Ginza, Tokyo. Synonymous with luxury shopping outlets and flashing neon billboards. It is a shopping district located just west of Tsukiji Fish Market and is known for its huge department stores and fancy boutiques. Ginza was once a swamp that was filled in and named after a mint coin factory that was located there during the Edo Period.
Some of the big department stores and flagship outlets that are situated in Ginza are Dior, Chanel, Gucci, and Louis Vuitton. Apple also have a store here, which is always very crowded! Perhaps the most famous store of all, though, happens to belong to Wako, which is famous for its huge clock tower.
Ginza Station, being the 4th busiest station on the entire network, is well-served by the Tokyo Metro on the Ginza, Maranouchi, and Hibiya Lines. I arrived at Ginza from Shibuya on the Ginza Line and then carried on my journey to Ueno Zoo and eventually to Asakusa for the temples. As with all Asian subway stations, Ginza can get very busy during the peak periods, so plan your day accordingly.
Whatever time of year you visit Tokyo, a trip to Ginza will always be a highlight. The luxury brands here are on sale all year round and it is always nice to make a little mental note of which brands’ logos you can see as you walk past the busy traffic on Ginza’s roads. The Shibuya Crossing is very nearby so you can actually walk between Ginza and Shibuya (realise how busy the roads must be now?) and this stretch of real estate is simply a shopper’s Heaven!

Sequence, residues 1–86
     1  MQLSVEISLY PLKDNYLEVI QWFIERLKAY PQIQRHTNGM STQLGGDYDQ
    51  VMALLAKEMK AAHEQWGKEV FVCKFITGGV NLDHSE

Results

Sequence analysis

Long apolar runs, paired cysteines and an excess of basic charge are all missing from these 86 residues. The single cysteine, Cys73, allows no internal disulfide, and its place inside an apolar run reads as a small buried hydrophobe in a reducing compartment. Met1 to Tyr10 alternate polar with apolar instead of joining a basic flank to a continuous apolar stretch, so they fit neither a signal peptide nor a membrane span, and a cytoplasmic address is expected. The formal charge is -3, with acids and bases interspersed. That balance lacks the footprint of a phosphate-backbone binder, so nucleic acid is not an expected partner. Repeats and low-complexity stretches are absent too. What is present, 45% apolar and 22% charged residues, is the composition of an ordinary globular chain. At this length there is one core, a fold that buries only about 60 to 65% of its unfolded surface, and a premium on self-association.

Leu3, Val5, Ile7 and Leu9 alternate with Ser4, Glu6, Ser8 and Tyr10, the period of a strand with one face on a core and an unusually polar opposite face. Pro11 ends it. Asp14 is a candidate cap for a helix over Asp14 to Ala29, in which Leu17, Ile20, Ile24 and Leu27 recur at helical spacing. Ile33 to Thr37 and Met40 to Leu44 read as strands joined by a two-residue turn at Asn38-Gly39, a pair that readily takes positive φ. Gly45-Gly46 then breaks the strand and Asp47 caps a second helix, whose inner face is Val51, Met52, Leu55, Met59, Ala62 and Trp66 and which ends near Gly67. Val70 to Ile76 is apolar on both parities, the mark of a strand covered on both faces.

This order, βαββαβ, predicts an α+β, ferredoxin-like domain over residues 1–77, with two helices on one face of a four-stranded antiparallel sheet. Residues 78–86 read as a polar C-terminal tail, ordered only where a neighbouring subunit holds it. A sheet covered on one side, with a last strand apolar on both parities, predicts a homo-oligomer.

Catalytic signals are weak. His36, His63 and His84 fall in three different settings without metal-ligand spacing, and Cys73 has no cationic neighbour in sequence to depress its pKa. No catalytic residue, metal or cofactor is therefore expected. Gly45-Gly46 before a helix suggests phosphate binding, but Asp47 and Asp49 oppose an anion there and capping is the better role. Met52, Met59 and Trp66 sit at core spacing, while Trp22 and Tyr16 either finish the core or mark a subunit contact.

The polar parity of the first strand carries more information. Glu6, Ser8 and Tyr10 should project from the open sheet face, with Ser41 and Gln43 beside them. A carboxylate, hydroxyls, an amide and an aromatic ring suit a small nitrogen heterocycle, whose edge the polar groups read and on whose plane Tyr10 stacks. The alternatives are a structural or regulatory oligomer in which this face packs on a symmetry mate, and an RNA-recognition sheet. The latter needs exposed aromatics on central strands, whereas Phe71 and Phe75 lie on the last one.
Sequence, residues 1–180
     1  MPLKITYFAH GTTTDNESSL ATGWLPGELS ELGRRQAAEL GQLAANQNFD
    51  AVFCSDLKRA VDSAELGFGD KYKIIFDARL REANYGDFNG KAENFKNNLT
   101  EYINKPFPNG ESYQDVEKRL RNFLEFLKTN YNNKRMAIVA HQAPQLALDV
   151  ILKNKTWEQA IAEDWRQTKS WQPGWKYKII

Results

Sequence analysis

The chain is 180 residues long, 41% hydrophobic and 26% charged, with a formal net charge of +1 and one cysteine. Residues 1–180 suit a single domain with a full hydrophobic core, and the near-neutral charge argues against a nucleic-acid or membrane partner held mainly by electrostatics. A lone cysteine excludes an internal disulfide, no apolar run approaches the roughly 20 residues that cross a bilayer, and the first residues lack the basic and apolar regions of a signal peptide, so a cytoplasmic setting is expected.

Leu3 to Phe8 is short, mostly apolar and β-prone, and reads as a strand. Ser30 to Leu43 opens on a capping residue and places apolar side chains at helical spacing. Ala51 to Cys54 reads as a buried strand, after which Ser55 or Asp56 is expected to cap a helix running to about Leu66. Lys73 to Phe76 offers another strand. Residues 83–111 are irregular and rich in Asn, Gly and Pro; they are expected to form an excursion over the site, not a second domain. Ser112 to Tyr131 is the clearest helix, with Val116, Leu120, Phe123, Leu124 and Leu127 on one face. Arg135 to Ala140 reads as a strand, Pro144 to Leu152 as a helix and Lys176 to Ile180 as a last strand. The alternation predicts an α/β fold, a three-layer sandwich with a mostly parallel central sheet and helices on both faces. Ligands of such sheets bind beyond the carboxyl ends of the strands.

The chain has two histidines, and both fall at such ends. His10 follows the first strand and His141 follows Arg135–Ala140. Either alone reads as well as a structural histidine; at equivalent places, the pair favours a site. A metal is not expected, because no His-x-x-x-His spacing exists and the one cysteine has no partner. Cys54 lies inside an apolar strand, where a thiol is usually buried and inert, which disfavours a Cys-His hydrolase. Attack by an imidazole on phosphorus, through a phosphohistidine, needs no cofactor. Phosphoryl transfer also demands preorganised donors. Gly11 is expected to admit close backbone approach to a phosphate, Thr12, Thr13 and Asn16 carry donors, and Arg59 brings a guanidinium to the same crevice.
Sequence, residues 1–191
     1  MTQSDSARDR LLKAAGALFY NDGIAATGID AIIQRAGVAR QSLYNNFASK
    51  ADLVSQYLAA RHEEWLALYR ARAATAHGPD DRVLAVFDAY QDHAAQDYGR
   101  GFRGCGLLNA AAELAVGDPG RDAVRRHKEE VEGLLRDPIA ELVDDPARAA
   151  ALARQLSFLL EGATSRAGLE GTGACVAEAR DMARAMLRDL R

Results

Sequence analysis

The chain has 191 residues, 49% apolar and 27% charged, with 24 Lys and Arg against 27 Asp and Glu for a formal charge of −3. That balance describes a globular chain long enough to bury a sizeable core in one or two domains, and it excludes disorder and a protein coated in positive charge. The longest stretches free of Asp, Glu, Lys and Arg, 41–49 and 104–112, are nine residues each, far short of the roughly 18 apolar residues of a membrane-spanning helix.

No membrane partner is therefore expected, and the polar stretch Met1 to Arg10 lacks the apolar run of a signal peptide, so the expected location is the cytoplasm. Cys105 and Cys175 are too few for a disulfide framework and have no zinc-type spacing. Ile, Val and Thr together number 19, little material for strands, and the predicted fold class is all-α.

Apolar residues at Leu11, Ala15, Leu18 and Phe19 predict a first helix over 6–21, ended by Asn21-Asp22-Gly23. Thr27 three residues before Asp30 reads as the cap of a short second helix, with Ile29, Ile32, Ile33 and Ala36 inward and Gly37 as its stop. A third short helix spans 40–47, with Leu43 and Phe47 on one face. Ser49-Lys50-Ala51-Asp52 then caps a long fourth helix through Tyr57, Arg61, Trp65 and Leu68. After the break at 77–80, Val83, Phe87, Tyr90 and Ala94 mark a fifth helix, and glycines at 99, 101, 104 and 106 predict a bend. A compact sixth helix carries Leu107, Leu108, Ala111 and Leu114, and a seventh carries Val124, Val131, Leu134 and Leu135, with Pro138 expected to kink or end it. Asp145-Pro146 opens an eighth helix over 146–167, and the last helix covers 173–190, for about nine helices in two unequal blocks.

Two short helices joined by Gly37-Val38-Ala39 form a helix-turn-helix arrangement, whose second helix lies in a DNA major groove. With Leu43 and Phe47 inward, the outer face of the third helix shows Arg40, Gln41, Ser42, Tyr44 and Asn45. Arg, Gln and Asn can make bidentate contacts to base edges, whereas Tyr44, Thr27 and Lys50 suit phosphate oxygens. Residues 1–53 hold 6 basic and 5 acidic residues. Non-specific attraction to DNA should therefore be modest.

I like to eat when I travel, and here in Ginza, I tried some sushi in the Mitsukoshi Building, where is a lovely food court in the basement, and even though it was around 6pm it didn’t seem too busy. There are also many street vendors around Ginza (many situated in side-streets), which give an economical alternative to the usual expensive food available. I never tried any of this street food, as it began to rain and I was heading back to my hostel in Shinjuku, but Ginza is a place that left an impression on me and it compares very favourably to similar shopping districts that I have visited in the Far East such as Myeongdong in Seoul, or Ximending in Taipei.
It may be best to plan visiting Ginza for some retail therapy in the late afternoon, and then have a bite to eat while you are there. Then afterwards, you can continue your shopping in the night time when Ginza really comes alive. The neon signs and street lighting give the area a fantastic vibe. Unless you are intent on spending all of your money on luxury goods that you don’t need, perhaps there is not much else to do in Ginza other than window shop (a bit like the Dubai Mall) and soak up the atmosphere, but I enjoyed this extravagant side to Tokyo as an alternative to the temples and natural attractions like Shinjuku Gyeon.
For more information on the luxuries of Ginza, and everything else the place has to offer, please take a look at this great selection of blogs from Tokyo Bling.